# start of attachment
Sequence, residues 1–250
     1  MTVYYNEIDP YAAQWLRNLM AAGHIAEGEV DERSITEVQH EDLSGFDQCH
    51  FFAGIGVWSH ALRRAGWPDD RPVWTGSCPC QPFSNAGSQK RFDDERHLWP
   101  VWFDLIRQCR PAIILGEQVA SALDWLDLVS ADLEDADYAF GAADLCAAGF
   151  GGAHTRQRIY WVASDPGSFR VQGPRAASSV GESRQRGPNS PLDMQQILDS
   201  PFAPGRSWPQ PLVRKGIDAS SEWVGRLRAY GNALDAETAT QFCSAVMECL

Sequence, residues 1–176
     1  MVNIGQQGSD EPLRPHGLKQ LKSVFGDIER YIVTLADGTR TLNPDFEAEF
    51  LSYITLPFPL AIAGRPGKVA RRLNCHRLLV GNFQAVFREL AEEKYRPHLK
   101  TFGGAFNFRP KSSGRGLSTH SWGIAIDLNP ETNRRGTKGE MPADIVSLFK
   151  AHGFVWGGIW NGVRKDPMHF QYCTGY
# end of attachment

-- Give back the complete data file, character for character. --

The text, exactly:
Sequence, residues 1–250
     1  MTVYYNEIDP YAAQWLRNLM AAGHIAEGEV DERSITEVQH EDLSGFDQCH
    51  FFAGIGVWSH ALRRAGWPDD RPVWTGSCPC QPFSNAGSQK RFDDERHLWP
   101  VWFDLIRQCR PAIILGEQVA SALDWLDLVS ADLEDADYAF GAADLCAAGF
   151  GGAHTRQRIY WVASDPGSFR VQGPRAASSV GESRQRGPNS PLDMQQILDS
   201  PFAPGRSWPQ PLVRKGIDAS SEWVGRLRAY GNALDAETAT QFCSAVMECL

Sequence, residues 1–176
     1  MVNIGQQGSD EPLRPHGLKQ LKSVFGDIER YIVTLADGTR TLNPDFEAEF
    51  LSYITLPFPL AIAGRPGKVA RRLNCHRLLV GNFQAVFREL AEEKYRPHLK
   101  TFGGAFNFRP KSSGRGLSTH SWGIAIDLNP ETNRRGTKGE MPADIVSLFK
   151  AHGFVWGGIW NGVRKDPMHF QYCTGY